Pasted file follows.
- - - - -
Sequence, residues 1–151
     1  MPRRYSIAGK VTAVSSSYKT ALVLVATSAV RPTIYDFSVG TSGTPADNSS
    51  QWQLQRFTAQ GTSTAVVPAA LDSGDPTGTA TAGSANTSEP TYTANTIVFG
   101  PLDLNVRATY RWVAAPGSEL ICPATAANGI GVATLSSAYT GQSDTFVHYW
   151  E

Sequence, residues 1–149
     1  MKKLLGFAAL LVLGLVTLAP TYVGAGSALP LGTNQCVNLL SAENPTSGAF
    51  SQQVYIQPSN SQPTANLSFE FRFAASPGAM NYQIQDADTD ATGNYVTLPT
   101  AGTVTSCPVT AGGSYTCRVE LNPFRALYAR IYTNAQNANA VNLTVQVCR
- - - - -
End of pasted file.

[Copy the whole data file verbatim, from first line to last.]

Sequence, residues 1–151
     1  MPRRYSIAGK VTAVSSSYKT ALVLVATSAV RPTIYDFSVG TSGTPADNSS
    51  QWQLQRFTAQ GTSTAVVPAA LDSGDPTGTA TAGSANTSEP TYTANTIVFG
   101  PLDLNVRATY RWVAAPGSEL ICPATAANGI GVATLSSAYT GQSDTFVHYW
   151  E

Sequence, residues 1–149
     1  MKKLLGFAAL LVLGLVTLAP TYVGAGSALP LGTNQCVNLL SAENPTSGAF
    51  SQQVYIQPSN SQPTANLSFE FRFAASPGAM NYQIQDADTD ATGNYVTLPT
   101  AGTVTSCPVT AGGSYTCRVE LNPFRALYAR IYTNAQNANA VNLTVQVCR